Finally, while it may be more affordable to create synthetic data rather than the time and effort it would take to build real-world data, it requires specialized skills that your team may not have. The time and energy required to build synthetic data may not be a good use of your time if your company doesn’t need to do this regularly. There’s no shortage of money or vendors in the market to help optimize data for machine learning, be it data curation or data labeling. DefinedCrowd has raised $50.5 million to date to help advance its data curation vision.

    Mitigating Synthetic Data Challenges through Better Data Curation

    Every machine learning model is bounded by one critical component: the quality of data on which the model is trained. When you’re using synthetic data, the curation becomes even more vital to avoid the dangers mentioned above. Consider a scenario where you’re building a self-driving car. If your synthetic data only includes scenarios with perfect lighting conditions, the car will perform poorly in the real world with ever-changing lighting conditions. It’s important to consider all possible scenarios that the AI model will be presented with to ensure a robust and dynamic model. 


    A 2021 MIT research study found systemic issues in how training data was labeled, leading to inaccurate outcomes in AI systems. A study in the journal Quantitative Science Studies that analyzed 141 prior investigations into data labeling found that 41% of models were using datasets labeled by humans. While labeled data usually equates with improved results, datasets can — and do — contain errors. The processes used to build them are inherently error-prone, which becomes problematic when these errors reach test sets, the subsets of datasets researchers use to compare progress. These errors could lead scientists to draw incorrect conclusions about which models perform best in the real world, undermining benchmarks.


    There are several approaches to training data for AI machine learning. Within the supervised approach, there’s an image along with an associated label used to teach a model while a human is required to perform the labeling. Many companies, like Lightly, have taken a self-supervised approach to machine learning on AI-generated images. In that case, there often isn’t a need for human interaction though it’s hard to be certain of the program’s outcomes without a validation process like supervised approaches. This self-supervised model requires minimal human interaction allowing the AI to curate and label data as the model learns to discern patterns from the information it’s given.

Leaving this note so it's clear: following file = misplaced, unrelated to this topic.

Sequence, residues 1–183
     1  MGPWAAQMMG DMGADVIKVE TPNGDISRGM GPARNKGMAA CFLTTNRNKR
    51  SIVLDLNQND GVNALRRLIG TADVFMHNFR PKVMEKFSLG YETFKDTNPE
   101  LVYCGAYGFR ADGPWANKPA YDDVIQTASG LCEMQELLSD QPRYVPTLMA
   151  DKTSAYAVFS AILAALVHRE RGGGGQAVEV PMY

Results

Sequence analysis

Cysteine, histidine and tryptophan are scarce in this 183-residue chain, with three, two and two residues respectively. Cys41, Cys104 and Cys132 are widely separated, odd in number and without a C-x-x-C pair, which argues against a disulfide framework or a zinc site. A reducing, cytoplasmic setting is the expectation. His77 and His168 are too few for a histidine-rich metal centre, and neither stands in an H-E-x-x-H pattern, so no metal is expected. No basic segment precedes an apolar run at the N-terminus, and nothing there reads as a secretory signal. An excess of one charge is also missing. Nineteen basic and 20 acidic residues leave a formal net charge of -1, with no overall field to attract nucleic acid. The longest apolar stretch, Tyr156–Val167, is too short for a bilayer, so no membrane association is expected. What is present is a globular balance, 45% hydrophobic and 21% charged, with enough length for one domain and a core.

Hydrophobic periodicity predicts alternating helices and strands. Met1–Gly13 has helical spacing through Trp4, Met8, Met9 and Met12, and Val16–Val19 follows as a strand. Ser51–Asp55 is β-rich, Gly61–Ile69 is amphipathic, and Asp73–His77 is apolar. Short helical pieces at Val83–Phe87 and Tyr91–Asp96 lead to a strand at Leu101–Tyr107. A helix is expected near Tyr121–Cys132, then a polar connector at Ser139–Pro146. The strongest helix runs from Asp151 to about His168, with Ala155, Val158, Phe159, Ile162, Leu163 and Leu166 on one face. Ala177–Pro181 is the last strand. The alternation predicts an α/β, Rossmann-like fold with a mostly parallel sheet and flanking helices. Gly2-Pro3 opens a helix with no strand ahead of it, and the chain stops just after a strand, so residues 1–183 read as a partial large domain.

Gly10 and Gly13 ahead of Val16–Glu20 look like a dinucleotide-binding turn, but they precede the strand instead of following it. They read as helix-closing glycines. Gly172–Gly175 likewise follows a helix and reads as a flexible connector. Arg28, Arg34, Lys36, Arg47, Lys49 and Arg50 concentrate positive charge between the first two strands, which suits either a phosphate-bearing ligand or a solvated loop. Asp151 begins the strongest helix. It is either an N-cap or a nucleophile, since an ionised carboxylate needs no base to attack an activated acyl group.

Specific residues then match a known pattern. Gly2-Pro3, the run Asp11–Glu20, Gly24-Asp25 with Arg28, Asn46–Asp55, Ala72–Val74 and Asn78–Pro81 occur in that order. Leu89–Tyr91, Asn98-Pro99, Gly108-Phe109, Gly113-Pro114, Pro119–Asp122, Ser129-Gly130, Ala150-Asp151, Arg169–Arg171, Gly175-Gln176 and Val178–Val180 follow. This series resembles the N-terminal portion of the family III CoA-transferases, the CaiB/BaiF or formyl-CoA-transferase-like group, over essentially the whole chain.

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    Utilizing All Solutions Simultaneously Whenever Possible

    As AI becomes increasingly widespread in businesses and industries, the demand for reliable training data to feed AI algorithms has become a crucial factor in its effectiveness. There are two primary methods to enhance AI results without using new real-world data: by optimizing the efficiency of AI with existing data sets or by creating synthetic data sets.


    Synthetic data is becoming popular as it can generate large datasets quickly and has the potential to capture patterns not found in real-world datasets, leading to higher accuracy. However, synthetic data also has dangers, such as overfitting and bias. Proper curation of synthetic data, such as ensuring diverse samples and validation against ground truths, can mitigate these challenges. Validation pipelines or automated tests ensure that generated samples are diverse enough so as not to introduce biases into any machine learning models developed; validating generated samples against known ground truths; or creating validation pipelines or automated tests which measure the quality of generated datasets before they are used in production environments. 


    As in many cases with business, if you have the resources to incorporate both alternatives, the outcomes are often best. It is clear that there are advantages and disadvantages to both synthetic data and real-world data when it comes to training AI. Synthetic data is easier and faster to generate, but real-world data can be more accurate and representative of the target population. 


    Ultimately, the most effective approach to training AI is to utilize a combination of both methods. Synthetic data can be used to create models quickly, while real-world data can be used to validate the accuracy of the resulting models. By leveraging the distinct advantages of both synthetic and real-world data sets, organizations can achieve the greatest efficiency improvements when training AI. As always, you should measure and test the quality of the output from your dataset changes before use in any production environment.